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How much water do you need to consume in a day?

by Debra J. McGinley

Let’s talk hydration

How much water do you need to consume in a day? In order to answer this question, I need you to understand why it’s important to consume water in the first place.

Water is an essential nutrient in our diet, and it accounts for 60% of your body weight. All of your cells need water for proper function and structure. Water is contained in lean muscle, bones, and fat, in addition to fluids such as blood, gastric juices, urine and perspiration. Water lubricates joints and tissues, is involved in the regulation of body temperature, maintains healthy skin, and is necessary for digestion. Think of it this way: your body is your vehicle and water is its gasoline.


It scares me when I see influencers at the gym with their big plastic gallon water jugs and tight, lean bodies emphasizing this is the way to 6-pack abs. Unfortunately, this just isn’t true. I understand the need to stay adequately hydrated, however, there is zero science that supports the requirement at a gallon a day for everyone and such advice may put you at risk of overhydration.

Overhydration is simply the act of taking in more water than the body loses or utilizes. So, why is this a big concern? Overhydration disturbs electrolyte balance, meaning it decreases sodium levels in the blood to dangerous levels that can be life threatening. In fact, you will start experiencing symptoms of water intoxication after consuming 3-4 liters (101-135ounces, where a gallon is 128 ounces) within a few hours. Sodium is tightly regulated in our body for a reason; it plays a crucial role in blood volume and pressure.

Who is at risk for overhydrating? Endurance athletes such as those who participate in triathlons or marathons.

How do you know if you are overhydrating? Symptoms include drowsiness and fatigue, muscle cramping/weakness/spasms, vomiting or nausea, and headaches.


Dehydration occurs when we lose more water than we take in. Again, it disrupts the balance of minerals in the body, like sodium and glucose, affecting the way our bodies function. Dehydration can be caused by excessive heat, activity, and/or sweating, in addition to medication side effects. It can be caused through illnesses, like having a fever, vomiting, diarrhea, or having uncontrolled diabetes.

Dehydration can also be caused by alcohol consumption. Alcohol suppresses anti-diuretic hormone (ADH), which is a hormone that signals to the kidneys to reduce urination and reabsorb water back into the body. Without it, our bodies flush out more water easily. To prevent dehydration, consume water and food with an alcoholic beverage or limit consumption.

What are the signs and symptoms of dehydration?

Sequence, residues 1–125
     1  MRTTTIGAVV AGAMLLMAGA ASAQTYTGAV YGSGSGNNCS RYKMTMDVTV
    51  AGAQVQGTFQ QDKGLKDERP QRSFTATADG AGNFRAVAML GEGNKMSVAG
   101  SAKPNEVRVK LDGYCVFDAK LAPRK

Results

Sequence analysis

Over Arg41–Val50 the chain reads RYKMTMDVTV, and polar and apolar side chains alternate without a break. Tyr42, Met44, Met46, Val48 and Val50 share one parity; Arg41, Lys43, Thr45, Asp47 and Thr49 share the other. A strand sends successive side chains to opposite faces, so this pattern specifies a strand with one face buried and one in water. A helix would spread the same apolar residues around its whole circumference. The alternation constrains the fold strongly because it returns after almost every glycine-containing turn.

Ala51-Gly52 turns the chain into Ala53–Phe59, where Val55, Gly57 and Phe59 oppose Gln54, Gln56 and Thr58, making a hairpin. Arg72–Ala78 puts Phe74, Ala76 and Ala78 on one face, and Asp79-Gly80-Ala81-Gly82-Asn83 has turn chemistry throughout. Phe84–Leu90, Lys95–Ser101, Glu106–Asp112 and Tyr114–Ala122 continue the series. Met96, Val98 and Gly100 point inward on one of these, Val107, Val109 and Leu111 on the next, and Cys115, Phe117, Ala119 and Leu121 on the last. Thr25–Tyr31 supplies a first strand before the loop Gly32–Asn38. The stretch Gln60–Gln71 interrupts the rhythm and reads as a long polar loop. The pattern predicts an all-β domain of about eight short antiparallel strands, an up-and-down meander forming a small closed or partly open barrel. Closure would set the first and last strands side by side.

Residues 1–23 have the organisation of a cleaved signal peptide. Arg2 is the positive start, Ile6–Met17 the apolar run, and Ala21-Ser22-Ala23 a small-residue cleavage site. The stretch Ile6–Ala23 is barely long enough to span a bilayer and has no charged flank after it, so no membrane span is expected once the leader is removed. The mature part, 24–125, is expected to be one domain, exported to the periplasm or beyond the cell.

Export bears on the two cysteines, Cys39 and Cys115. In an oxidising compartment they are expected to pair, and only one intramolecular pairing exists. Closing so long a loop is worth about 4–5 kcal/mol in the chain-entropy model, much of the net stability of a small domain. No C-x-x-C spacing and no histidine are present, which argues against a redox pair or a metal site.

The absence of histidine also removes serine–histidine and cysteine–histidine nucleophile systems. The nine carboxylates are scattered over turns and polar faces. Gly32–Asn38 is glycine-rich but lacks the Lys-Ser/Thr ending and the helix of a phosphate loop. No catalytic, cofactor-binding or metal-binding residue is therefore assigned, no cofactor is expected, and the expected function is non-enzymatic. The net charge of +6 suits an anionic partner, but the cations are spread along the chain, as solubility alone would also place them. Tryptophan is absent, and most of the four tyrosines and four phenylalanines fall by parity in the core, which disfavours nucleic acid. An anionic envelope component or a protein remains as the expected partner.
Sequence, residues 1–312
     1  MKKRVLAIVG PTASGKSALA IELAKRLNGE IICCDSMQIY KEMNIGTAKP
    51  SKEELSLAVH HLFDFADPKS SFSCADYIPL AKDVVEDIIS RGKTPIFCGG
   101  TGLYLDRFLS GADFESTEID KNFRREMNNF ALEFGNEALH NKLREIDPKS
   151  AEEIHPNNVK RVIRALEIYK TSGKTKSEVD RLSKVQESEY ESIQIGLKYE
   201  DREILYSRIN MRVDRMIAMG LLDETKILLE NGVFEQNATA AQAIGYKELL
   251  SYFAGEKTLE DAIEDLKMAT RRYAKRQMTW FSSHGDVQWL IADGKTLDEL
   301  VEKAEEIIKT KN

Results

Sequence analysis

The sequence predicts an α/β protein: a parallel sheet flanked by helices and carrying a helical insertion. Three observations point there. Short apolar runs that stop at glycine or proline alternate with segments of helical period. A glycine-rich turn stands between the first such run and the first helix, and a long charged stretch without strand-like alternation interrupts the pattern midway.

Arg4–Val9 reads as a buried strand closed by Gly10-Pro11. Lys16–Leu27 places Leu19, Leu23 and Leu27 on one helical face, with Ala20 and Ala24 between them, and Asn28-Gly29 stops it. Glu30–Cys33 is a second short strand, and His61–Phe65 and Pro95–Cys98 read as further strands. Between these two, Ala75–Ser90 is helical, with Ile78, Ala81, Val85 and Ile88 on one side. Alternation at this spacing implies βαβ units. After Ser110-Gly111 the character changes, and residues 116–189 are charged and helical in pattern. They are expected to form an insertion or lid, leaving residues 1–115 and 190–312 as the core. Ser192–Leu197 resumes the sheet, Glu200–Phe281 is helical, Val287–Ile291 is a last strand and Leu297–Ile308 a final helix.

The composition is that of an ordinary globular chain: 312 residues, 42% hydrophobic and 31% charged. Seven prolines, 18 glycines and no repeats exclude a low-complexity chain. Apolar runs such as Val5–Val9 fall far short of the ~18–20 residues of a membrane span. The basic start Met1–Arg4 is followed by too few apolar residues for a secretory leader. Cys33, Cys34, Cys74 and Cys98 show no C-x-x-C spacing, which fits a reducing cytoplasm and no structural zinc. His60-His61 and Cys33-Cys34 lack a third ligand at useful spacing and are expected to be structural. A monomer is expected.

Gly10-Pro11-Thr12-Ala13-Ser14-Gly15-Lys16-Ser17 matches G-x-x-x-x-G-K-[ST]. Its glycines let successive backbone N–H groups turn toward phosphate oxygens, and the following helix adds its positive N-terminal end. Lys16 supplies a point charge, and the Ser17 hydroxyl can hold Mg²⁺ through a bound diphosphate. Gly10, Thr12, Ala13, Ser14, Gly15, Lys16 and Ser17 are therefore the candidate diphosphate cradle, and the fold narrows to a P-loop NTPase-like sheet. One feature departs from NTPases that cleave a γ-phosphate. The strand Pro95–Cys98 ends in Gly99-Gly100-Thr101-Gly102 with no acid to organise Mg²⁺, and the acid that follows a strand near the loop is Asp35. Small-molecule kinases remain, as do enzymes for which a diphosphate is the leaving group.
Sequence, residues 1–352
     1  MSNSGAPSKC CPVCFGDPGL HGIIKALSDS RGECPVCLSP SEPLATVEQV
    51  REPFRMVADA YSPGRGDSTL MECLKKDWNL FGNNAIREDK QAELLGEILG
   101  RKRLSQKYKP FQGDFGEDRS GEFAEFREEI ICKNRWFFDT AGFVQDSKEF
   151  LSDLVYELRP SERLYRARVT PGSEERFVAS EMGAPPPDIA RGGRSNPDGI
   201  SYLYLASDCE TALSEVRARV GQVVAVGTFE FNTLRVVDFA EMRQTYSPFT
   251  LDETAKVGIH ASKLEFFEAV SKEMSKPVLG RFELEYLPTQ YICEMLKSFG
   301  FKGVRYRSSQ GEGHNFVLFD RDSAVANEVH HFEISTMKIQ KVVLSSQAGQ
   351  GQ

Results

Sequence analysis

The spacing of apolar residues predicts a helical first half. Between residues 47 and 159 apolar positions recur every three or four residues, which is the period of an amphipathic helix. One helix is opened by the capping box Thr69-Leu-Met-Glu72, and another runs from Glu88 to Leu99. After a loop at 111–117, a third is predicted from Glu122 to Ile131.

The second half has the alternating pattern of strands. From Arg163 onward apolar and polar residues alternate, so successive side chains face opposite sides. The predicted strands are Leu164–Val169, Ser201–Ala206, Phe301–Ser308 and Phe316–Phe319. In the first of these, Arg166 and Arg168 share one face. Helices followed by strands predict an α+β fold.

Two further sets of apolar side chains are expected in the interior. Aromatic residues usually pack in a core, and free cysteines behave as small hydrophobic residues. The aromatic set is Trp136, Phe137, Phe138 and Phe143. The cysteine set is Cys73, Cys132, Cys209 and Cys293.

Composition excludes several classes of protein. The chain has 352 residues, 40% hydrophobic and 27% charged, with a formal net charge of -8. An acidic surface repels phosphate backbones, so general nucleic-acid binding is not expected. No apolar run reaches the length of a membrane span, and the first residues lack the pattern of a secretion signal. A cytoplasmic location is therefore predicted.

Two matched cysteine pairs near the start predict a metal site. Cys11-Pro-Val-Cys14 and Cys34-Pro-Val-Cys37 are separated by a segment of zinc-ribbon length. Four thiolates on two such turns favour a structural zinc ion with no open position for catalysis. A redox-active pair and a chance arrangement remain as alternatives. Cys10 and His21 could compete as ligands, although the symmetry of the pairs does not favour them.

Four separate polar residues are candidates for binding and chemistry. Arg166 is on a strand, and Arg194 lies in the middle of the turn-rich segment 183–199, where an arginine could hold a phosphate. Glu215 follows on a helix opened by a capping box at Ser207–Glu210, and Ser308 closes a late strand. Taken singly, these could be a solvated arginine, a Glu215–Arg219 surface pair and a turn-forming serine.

• feeling thirsty
  • strong smelling, dark yellow urine
  • urinating less frequently
  • feeling dizzy or lightheaded
  • feeling tired
  • dry, cool skin
  • a dry mouth, lips and tongue
  • sunken eyes
  • muscle cramps

Mild dehydration can effect blood pressure and heart rate. Remember, sodium helps to tightly regulate blood volume and blood pressure. So too much or too little water intake will then affect blood pressure and heart rate. Mild dehydration will also impact body temperature.

Severe dehydration can cause confusion and weakness, and in extreme situations lead to kidney damage, brain damage, and death. Symptoms of severe dehydration include:

  • very dark yellow or amber colored urine
  • not urinating
  • dry, shriveled skin
  • lightheadedness or dizziness
  • rapid heartbeat and/or breathing
  • sunken eyes
  • listlessness
  • shock
  • delirium or unconsciousness

So, how much water do you need to consume in a day?

The truth is there are no studies or concrete science to answer this question. The National Academy of Medicine suggests the daily adequate intake for men 19 years and older consume 13 cups or 104 ounces, while women 19 years and older consume 9 cups or 72 ounces of water per day. The general rule of thumb I tell my clients is to drink half of one’s body weight (pounds/lbs) in ounces a day. So, a person weighing 150 lbs would generally consume 75 ounces of water as a starting point.

However, other factors will play a role in whether or not you need to increase your intake. For example, the intensity of your workouts, how much you sweat, if you are running a fever, or if the temperature outside is extremely hot, dry and/or humid. Based on recommendations from the American Council on Exercise, I suggest adding 7-10 ounces of water every 10 to 20 minutes during exercise. The Centers for Disease Control and Prevention suggest increasing water consumption by 8 ounces every 15-20 minutes when outside in the heat.

Not a fan of plain water?

There are plenty of options to remedy this!

  • Infused water. Consider adding citrus fruits or zest, like lemon, lime, orange and grapefruit
  • Sparkling water. Carbonated, unsweetened waters are not only safe to drink, but delicious!
  • Herbs. Mint, lavendar, lemongrass, basil, and rosemary are great options to add to water and tea.
  • Spices. Ginger, cinnamon, cloves are some great examples!

Still confused on how much water you need to consume in a day, or experiencing symptoms of dehydration despite proper consumption, learn more about me and how I can help you!